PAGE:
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Transparency International makes tough recommendations after Egypt poll

Civil society organisation puts forward a list of recommendations to shore up Egypt's electoral process after its team observed the country's constitution poll

Ayat El-Tawy, Thursday 16 Jan 2014
Vote counting
Vote counting of Egypt's constitutional referendum (Photo: Mai Shaheen)
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Berlin-based Transparency International (TI), which fielded an eight-member mission to observe Egypt's two-day constitution referendum, has advised the Egyptian government to create a "level playing field and secure impartiality" and "secure access to media for all views" in order to ensure a free and fair voting process.

In a statement it issued on Thursday, TI cited allegations of a crackdown on campaigning against the charter and one-sided media coverage in favour of the document.

The global anti-corruption group proposed a dozen recommendations to bolster electoral transparency in Egypt a day after the referendum closed.

“The [Egyptian] government is responding to a deep desire from the majority of Egyptians to move toward a democratic path, peace and stability, but the current political context creates severe obstacles to advancing democracy,” said Kol Preap, the head of Transparency International's observer mission.

“The presence of TI observers for this monitoring mission should not imply endorsement or denial of such legitimacy,” he added.

TI's observers met numerous state officials, political activists, civil society campaigners and fellow observers to monitor and assess the referendum's legal and technical process across 15 governorates.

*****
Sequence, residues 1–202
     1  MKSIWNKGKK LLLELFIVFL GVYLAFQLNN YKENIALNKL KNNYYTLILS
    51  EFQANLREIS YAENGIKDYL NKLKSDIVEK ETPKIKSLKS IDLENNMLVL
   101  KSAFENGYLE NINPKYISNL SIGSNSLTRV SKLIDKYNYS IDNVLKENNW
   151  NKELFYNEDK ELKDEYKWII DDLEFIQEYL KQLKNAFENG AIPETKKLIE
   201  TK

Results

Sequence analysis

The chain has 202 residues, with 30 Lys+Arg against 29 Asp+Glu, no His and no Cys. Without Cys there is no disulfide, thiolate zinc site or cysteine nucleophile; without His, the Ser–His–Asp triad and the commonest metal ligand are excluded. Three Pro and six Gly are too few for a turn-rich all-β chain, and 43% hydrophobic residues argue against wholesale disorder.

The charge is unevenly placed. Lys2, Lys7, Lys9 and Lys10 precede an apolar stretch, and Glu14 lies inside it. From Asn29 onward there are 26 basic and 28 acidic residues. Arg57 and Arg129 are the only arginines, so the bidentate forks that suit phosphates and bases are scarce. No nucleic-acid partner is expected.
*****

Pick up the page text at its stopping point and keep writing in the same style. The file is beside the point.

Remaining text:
The group noted, "Politically motivated violence, intimidation and repression from state and non-state actors limited and conditioned citizen’s political and electoral participation."

"The government, in cooperation with civil society, should develop a more peaceful and democratic space to promote views and debate."

The organisation, which monitors corporate and political corruption, urged legislation on the public and private financing of politics in Egypt to ensure transparency and secure "the health and benefits of democracy for future elections."

The report said political party-affiliated poll watchers, rights campaigners and TI observers faced undue restrictions and were denied access to monitor the voting process on 14-15 January.

"Greater access to all stages and instances of the counting process to parties, media and civil society would build more confidence in the accuracy of the results and the respect for the popular will," stated the report.

"Creating conditions for independent counts would greatly enhance the trust in the electoral system."

The vote, the first poll since the July 2013 ouster of Islamist president Mohamed Morsi, and the sixth national vote since the 2011 uprising that deposed president Hosni Mubarak, has been billed by authorities as the first milestone towards democracy.

It will pave the way for a presidential vote and parliamentary polls to follow by the summer.

Preliminary results show that Egyptians overwhelmingly approved the new charter, with an approval rate exceeding 90 percent, state news agency MENA and government officials said.

The report quoted officials as saying that little time and civic education was made available to Egyptians to learn and debate the draft document.

It also suggested increasing the number of polling stations to reduce queues, and limiting polling to one day to ease concerns about the overnight custody of ballot boxes.

Improving the quality of the indelible ink, into which voters dip their fingers to ensure non-duplicate voting, is vital to guarantee individuals' solitary vote through multiple-day elections, the report added.

Based on findings by the TI teams, the capabilities and technical support of the electoral panel officials should be upgraded for future voting.

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